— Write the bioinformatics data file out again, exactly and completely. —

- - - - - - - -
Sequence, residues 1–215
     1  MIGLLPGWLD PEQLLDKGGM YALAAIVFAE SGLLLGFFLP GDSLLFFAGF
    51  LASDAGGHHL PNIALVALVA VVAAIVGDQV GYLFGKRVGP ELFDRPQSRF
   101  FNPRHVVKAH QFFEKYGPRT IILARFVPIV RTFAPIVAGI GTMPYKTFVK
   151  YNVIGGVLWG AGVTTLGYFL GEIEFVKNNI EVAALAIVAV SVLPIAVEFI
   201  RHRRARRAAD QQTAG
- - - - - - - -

Sequence, residues 1–215
     1  MIGLLPGWLD PEQLLDKGGM YALAAIVFAE SGLLLGFFLP GDSLLFFAGF
    51  LASDAGGHHL PNIALVALVA VVAAIVGDQV GYLFGKRVGP ELFDRPQSRF
   101  FNPRHVVKAH QFFEKYGPRT IILARFVPIV RTFAPIVAGI GTMPYKTFVK
   151  YNVIGGVLWG AGVTTLGYFL GEIEFVKNNI EVAALAIVAV SVLPIAVEFI
   201  RHRRARRAAD QQTAG